Are you too frugal for your own good?

These are tough times. It is important to look after the pennies these days, but be warned, you can take things too far. There is a thin line between being frugal and being stingy. Here are 12 signs you may have crossed it.

1. You used to be good company

You would chat to your friends for hours about love, travel, celebs, art and politics. Now you just talk about money. "They've got a great buy-one-get-one-free deal on baked beans at Tesco!" is no substitute for a good gossip. Nor is: "I read on a money-saving website that that avocado skins make a great natural skin cleanser!" You may save money, but you'll lose your friends.

2. You hate yourself in the morning

Slowly, painfully, you piece together the night before. You drank too much, but kept ducking your round. You over-ordered in a restaurant, then nipped to the loo when they divvied up the bill. You shared a taxi home, but let a friend pick up the fare. That isn't frugal, it's stingy. You've exploited your friends, and now you feel really, really bad about it. Being that tight can give you a headache.

3. You check your savings every day

Logging onto your online savings account gives you a nice warm glow. You think compound interest is one of life's little miracles. Watch out. Your savings can be a friend in need, but they're no substitute for real friends.

4. You smell like fruit and veg

You have been rubbing avocado skins on your armpits after reading that it makes a frugal alternative to anti-perspirant. If you are so cheap people can smell it, you've gone too far.

5. You eat mould

Cheddar isn't a blue cheese, except in your fridge. You can only scrape off so much mould, at some point you need to toss old food in the bin. True, sell-by and use-by dates can be overly cautious, but when your lunch is sprouting spores and bacteria, and your dinner is full of fungi - even though you don't remember putting any mushrooms in it - you've gone too far. It's food, not a science experiment.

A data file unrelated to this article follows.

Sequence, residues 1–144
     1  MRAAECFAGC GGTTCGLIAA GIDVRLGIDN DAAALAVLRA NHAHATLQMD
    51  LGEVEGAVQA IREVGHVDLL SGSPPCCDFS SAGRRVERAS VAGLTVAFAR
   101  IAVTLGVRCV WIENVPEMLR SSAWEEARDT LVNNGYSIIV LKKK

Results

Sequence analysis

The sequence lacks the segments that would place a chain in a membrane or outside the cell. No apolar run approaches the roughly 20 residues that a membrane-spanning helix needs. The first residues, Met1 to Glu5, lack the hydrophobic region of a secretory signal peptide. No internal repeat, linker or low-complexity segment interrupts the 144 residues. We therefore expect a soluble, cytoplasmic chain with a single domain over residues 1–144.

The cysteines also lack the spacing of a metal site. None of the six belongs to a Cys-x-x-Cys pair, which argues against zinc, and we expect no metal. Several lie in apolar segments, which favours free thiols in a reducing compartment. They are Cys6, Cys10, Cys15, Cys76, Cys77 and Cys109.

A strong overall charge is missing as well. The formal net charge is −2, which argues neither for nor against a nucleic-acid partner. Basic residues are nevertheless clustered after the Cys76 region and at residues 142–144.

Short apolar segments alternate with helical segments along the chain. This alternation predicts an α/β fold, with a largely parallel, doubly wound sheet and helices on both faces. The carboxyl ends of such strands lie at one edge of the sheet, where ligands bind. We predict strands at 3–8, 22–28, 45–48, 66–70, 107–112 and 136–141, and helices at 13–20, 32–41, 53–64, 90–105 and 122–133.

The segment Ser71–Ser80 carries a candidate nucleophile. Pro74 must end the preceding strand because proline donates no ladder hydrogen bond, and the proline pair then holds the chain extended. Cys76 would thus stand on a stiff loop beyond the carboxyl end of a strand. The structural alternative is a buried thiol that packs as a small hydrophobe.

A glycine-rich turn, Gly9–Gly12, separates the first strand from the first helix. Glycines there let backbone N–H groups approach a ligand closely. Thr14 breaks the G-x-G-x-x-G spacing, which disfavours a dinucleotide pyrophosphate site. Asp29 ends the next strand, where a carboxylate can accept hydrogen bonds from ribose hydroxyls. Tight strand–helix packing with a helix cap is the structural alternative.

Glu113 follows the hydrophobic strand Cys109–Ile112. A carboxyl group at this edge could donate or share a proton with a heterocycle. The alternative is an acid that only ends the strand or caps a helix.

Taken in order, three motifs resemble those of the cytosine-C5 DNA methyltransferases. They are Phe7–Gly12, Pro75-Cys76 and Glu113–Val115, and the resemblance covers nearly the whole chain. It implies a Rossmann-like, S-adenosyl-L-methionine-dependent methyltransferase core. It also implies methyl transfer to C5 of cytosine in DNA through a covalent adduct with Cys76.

6. You don't do charity

You spot somebody rattling a charity tin in the high street, and march over to give them a lecture. You hear yourself saying that starving third world kids shouldn't complain, if you can live on two grains of rice and a glass of water a day, so can they. Then you get a bit ashamed. So ashamed, that you briefly consider dropping some money in their tin. But you don't.

7. You won't throw anything away

Your house is cluttered with broken telephones, old magazines, scratched CDs, single socks, stringy underpants and half-eaten sandwiches, because you might want them someday. You won't even throw away those old avocado skins after you've finished rubbing them on your armpits - they're perfect for polishing shoes!

8. You're getting all excited about the Royal wedding

Not because you give two hoots about royalty, but because you live just about near enough to London to rent out your property to hapless tourists for the big weekend. You plan to camp outside Westminster Abbey for three nights before the big event, again, not because you want a great view, but because you've rented out every square foot of floor space in your home.